Elsie KEEGAN

5 December 1919 — 1 November 2005

With deep sadness, we announce the passing of Elsie Keegan. She is survived by her loving husband of 62 years, Patrick, her four daughters, Joyce Keegan, Amelia Cox, Patricia Keegan (Bryan), and Beverly Kennedy (Robert), seven grandchildren, Terrill Scott (Warren), Richard Nasadyk (Karen), Rodney Cox, Kevin Cox, Darren Kennedy (Lenni), Warren Kennedy (Melissa), and Scott Kennedy (Andrea), eight great-grandchildren, Jeremy Scott (Christa), Jesse Scott (Lindsay), Kyle Kennedy, Jake Nasadyk, Caleb Nasadyk, Shelby Kennedy, Nicholas Kennedy, and Joey Kennedy, three great-great-grandchildren, Zoey Scott, Emily Scott, and Quinton Scott, niece Linda Carroll, and nephew Ken Mairs. She is predeceased by her parents, Mary and Henry Miller, sister, Mary Mairs, and granddaughter Janet Nasadyk.

Elsie was born in Schaffhaeusen, Russia, and immigrated to Canada at the age of three with her family. She moved a great deal with her family when she was young, but lived mostly in Vancouver. With Patrick and her daughters, she lived in Harrison Hot Springs in the early and late 1950s and early 60s. She and Patrick lived in Agassiz for a time in the early 70s and moved permanently to Agassiz in 1977.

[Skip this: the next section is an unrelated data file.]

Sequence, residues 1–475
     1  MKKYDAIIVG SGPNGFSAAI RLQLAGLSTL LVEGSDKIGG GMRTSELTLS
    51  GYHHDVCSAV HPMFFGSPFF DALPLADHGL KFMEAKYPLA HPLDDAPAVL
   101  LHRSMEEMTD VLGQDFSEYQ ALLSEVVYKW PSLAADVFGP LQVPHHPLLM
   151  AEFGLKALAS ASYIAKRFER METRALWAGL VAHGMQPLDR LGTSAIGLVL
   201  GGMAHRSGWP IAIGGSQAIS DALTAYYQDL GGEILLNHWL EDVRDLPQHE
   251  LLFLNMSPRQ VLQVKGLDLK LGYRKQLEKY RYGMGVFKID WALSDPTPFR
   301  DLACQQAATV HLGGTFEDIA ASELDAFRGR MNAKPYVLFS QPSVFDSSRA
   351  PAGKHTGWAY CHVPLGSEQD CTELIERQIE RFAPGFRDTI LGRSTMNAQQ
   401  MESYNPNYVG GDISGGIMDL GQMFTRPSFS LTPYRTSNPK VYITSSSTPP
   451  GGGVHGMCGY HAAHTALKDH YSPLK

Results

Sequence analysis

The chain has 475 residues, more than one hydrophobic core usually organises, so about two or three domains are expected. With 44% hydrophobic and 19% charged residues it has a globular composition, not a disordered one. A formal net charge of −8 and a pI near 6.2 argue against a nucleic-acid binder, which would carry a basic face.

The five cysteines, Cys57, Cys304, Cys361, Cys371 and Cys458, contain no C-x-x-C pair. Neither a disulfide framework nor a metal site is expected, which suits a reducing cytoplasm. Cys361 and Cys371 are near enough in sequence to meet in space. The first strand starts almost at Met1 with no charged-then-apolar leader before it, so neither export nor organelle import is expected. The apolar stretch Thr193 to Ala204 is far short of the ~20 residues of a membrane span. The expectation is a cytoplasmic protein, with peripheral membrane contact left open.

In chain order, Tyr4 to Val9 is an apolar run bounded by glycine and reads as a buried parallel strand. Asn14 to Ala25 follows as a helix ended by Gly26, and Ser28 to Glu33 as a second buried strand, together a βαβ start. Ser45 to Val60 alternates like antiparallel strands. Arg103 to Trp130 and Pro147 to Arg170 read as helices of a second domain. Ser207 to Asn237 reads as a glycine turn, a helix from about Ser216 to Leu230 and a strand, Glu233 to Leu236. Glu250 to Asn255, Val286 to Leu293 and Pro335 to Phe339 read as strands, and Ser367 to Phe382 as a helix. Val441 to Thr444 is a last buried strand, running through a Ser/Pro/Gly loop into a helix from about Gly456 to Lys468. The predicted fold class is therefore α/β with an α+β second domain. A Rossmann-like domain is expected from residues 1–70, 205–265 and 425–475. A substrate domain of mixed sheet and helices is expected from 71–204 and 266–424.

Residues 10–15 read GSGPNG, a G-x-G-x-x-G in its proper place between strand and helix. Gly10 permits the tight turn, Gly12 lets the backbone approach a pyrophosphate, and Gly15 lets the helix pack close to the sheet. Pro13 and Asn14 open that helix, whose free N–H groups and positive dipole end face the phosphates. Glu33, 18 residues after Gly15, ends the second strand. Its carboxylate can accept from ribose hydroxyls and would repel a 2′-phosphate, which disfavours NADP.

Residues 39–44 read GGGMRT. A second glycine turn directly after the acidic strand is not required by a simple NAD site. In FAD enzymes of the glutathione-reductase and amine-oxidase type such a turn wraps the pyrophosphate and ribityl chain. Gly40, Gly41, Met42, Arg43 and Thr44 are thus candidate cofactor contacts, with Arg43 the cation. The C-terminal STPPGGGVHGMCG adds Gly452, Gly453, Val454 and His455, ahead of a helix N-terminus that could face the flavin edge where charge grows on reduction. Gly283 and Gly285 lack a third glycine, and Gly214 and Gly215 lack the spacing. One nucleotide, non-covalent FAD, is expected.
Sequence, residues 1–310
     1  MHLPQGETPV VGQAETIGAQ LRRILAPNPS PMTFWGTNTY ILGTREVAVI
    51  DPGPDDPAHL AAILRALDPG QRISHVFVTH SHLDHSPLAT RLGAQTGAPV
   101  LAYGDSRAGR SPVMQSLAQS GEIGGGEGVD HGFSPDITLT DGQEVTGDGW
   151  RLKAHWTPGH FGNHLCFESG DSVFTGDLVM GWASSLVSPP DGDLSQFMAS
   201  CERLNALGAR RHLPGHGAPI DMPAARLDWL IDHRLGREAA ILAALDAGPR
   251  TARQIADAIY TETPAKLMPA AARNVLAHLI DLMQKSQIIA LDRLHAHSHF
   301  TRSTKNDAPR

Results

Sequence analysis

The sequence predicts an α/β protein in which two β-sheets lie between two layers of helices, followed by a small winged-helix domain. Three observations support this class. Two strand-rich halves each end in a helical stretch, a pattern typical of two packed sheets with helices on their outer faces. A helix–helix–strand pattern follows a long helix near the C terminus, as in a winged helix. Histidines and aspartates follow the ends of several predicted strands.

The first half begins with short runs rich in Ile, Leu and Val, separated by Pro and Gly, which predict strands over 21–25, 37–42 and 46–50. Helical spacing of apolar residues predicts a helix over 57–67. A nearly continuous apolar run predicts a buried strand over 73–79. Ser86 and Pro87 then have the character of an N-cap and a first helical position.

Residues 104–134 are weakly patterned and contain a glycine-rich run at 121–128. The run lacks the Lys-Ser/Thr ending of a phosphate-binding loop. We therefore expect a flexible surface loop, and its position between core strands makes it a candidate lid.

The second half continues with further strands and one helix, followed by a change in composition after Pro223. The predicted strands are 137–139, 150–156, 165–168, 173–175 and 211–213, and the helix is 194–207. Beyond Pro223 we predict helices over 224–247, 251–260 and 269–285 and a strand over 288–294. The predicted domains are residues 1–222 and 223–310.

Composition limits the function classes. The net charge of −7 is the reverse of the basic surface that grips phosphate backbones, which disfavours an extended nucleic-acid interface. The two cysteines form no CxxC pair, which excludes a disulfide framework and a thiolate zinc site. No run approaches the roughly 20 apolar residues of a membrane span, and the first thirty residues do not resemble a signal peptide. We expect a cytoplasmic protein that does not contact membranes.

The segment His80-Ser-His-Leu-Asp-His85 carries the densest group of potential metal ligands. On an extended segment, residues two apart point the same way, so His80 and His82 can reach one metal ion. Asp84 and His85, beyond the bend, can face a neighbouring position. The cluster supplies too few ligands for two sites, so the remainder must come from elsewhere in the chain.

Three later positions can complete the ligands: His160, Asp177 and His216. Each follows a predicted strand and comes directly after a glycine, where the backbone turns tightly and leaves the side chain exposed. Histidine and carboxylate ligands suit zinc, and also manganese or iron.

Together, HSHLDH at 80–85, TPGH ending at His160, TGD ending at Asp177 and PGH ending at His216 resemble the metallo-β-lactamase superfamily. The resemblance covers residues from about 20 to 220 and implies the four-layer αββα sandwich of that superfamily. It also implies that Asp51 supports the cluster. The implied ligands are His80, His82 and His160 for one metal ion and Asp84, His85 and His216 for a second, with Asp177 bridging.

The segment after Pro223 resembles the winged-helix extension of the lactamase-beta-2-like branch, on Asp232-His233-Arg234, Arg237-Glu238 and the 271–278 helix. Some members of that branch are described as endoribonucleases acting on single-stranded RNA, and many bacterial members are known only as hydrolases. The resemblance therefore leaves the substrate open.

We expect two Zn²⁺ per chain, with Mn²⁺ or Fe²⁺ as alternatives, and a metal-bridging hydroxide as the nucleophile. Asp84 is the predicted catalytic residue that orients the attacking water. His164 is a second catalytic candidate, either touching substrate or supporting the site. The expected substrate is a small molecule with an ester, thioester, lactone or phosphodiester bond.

Elsie loved art in all its forms, both as an observer and participant. She was an accomplished visual artist, had a beautiful singing voice, studied guitar and piano, loved to dance, taught ballroom and tap dancing to adults and children in Harrison, Agassiz, and Rainbow Lake, Alberta, as well as acting in and directing amateur theatre productions.

She worked at times with her husband in the catering industry as chef’s assistant and office clerk, often at remote and isolated camps, and acted in TV commercials in the mid 70s. She was a devoted mother and grandmother, wonderful homemaker, skilled craftswoman, and an avid reader who would find books for anyone seeking information or expressing a desire to learn. Elsie was a life-long learner, teaching herself how to use a computer while in her 70s; one of her favourite computer applications was restoring old photographs. With her characteristic sympathy, understanding and non-judgmental attitude, Elsie’s advice for anyone with a problem was “Take control of your own life,” a maxim she followed all her life.

Elsie’s family held a private celebration of her life. If anyone wishes to commemorate her life, in lieu of flowers, donations to the Alzheimer’s Society of BC would be appreciated.